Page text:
It’s Banned Book Week and you may be honoring it by reading a banned book (if you reside in Colorado I suggest starting with Orwell’s 1984). Colorado is busy protesting the Jefferson County School Board’s conservative censorship of how they expect history to be taught, which essentially boils down to suppressing the inclusion of any material that would acknowledge or discuss any aspect of the United States doing anything wrong in its past. Instead, they want history taught that “promote[s] citizenship, patriotism, benefits of the free-market system, respect for authority and for individual rights.” My assumption here is that by individual rights they mean it in a corporations-are-people kind of way that supports corporate rights and ensures the well being of ruling class/upper class abled bodied heterosexual cisgendered caucasian males at the expense of everyone else (poor, queer, trans, disabled, POC people of color, your huddled masses yearning to be free). Given that they specifically state they want to avoid anything that may lead to dissent, it’s pretty obvious that this educational system is not interested in developing people capable of independent thinking, but rather is focused on producing good little worker bees for a conservative capitalist economy.
In case you think this battle is limited to Colorado, you need only conduct a search on Texas textbooks to discover it’s a problem endemic to the United States. Previously, Texas history books have been criticized for insinuating that biblical Moses & Solomon were founding fathers of the United States Democracy, and now Texas is getting heat for their misinformation campaign on global climate change. Furthermore, while the textbooks may be written in Texas, a significant issue is that once they become standarized they become the textbooks used in the majority of the other states as well. This means this misinformation is not only coming to a town near you, but you’re immersed in this sh*t and boy does it stink! Bless their hearts.
As one reaches adulthood, there is the oft given advice that receiving a college degree is the means to a financially comfortable life with an opportunity for better employment options. But in a system where costs to attend University are skyrocketing, forcing huge student loan debts onto anyone who seeks to take that path is it really the guarantee that it was once envisioned to manifest? People who have student loans are more likely to have bad debt & lower credit scores and less likely to be able to afford homes, despite a slightly lower unemployment rate than folks without a college degree. Yet, rather than helping out students, the U.S. government has decided to not mete out consequences for colleges that bailed on their loans while continuing to hold students accountable for their individually cumulative debt. In other words, once again the U.S. government is helping out the corporations at the human expense of the peoples. So if Universities are not institutions for learning, but rather a capitalist tool resulting in a lifetime enslavement as one makes valiant efforts to pay back their eternal debt, what’s someone who enjoys actual learnin’ to do? Especially a broke someone?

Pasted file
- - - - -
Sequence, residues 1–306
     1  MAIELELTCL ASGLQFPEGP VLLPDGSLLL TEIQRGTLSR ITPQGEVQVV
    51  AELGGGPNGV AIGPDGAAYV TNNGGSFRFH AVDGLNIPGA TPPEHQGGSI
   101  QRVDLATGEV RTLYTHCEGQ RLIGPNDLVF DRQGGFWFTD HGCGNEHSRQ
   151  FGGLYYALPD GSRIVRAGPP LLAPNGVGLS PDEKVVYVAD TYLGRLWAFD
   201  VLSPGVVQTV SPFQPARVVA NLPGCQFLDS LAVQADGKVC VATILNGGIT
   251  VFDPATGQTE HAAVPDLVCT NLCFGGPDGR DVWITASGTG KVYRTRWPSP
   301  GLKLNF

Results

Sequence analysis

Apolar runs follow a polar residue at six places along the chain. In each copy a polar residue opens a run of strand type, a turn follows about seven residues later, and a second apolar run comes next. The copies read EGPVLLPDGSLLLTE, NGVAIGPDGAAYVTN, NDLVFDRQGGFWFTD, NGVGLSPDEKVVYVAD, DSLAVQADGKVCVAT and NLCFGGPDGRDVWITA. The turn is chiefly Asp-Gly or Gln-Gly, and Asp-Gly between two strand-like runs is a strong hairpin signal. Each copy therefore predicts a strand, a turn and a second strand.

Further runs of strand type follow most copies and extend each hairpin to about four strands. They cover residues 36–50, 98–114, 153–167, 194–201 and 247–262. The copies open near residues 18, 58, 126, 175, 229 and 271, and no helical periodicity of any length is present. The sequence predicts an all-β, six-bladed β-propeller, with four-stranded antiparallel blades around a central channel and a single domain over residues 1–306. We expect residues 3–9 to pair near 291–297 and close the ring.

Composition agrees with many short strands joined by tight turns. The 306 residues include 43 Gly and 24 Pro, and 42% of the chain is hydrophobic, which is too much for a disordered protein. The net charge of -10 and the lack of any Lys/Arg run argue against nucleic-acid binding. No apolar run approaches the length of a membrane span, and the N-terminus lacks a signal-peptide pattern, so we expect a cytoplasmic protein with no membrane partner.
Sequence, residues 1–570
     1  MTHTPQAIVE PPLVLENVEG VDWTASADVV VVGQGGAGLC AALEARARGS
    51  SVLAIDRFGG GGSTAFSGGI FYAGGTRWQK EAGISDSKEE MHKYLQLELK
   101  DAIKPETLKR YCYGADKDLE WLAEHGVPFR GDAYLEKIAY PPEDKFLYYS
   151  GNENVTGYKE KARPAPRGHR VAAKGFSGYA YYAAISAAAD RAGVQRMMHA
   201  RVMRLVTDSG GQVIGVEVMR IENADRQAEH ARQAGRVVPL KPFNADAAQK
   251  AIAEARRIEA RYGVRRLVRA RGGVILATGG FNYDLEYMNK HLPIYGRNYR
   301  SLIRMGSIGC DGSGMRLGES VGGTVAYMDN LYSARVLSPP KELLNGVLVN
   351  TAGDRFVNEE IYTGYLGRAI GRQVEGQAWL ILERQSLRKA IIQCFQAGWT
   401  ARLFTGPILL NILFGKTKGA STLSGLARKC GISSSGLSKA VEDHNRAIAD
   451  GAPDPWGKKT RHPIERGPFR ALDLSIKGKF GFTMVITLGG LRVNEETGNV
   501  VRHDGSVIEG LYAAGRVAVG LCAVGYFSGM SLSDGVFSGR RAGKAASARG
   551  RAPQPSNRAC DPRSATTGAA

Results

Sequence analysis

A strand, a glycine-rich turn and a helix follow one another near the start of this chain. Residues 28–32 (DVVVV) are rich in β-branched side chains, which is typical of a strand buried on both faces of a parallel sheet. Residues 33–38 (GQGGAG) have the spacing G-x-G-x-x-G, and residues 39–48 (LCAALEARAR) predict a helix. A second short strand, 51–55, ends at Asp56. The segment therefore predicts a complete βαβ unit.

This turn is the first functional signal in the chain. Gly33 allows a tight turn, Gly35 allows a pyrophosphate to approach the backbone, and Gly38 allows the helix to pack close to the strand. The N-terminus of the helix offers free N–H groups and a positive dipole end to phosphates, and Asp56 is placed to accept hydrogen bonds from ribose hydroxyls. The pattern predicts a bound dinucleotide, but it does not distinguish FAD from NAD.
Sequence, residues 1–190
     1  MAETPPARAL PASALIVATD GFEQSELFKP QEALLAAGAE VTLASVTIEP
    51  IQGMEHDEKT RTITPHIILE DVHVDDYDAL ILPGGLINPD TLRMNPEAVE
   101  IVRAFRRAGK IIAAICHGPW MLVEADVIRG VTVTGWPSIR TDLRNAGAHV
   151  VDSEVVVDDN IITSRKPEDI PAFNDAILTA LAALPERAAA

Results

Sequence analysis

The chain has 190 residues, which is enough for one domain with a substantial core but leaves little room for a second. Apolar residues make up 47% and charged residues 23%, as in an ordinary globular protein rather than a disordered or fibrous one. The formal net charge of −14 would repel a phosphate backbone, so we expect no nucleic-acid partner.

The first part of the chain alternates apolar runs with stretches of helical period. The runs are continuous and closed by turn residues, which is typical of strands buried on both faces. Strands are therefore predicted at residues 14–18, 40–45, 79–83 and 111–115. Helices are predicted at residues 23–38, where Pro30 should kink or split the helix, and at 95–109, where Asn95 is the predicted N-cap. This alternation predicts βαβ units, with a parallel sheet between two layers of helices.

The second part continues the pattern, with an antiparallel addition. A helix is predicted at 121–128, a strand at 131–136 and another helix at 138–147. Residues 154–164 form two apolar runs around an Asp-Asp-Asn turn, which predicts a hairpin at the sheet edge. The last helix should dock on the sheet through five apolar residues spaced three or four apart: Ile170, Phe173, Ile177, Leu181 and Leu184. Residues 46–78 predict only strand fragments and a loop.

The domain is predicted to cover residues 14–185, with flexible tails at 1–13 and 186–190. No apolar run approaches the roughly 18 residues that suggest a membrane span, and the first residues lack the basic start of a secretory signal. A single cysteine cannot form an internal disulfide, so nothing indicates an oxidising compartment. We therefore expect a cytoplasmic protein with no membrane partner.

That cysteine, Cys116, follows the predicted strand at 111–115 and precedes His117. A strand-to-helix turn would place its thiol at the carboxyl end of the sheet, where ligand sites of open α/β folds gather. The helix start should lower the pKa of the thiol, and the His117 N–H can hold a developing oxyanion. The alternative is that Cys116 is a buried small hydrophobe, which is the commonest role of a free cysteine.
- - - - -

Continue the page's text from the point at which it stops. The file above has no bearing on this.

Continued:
Enter the wonderful world of MOOC (Massive Open Online Coursework). One can take classes for free, so if learning not debt is your goal it is a really good option to consider. It’s also a growing way of receiving an education, and while some universities do participate in this method offering their courses online for free they do so without offering full on degrees. However, this is slowly starting to change. I believe this will become a valid method of obtaining low cost degrees and certificates, in part because the costs of education are not as high in other countries. Which means folks pursuing knowledge may not get that Harvard or Stanford degree, but they may get a degree from a respected University overseas. It’s not quite here yet, but it’s coming.
One key part to how successful this may become will be convincing corporations to hire folks, who obtained their knowledge in this manner. But keep in mind they too are growing up in this student loan chokehold of learning, and may be quite sympathetic to the plight a future mired in debt results in. So I may not yet, be able to receive an actual degree via MOOC, but that doesn’t mean that the learning in and of itself doesn’t have the value of enriching my life in ways that I’m curious to begin exploring. Now the question is do I want to learn some Computer Programming, take a beginner’s course in Italian, Unlock the Secrets to Medieval Spain or focus on a course such as Revolutionary Ideas in Political Philosophy?
While I may do a future blog just on MOOCs you don’t have to wait for that blog to get started on your own path to a free online education. Google MOOC towards your own path of learnin’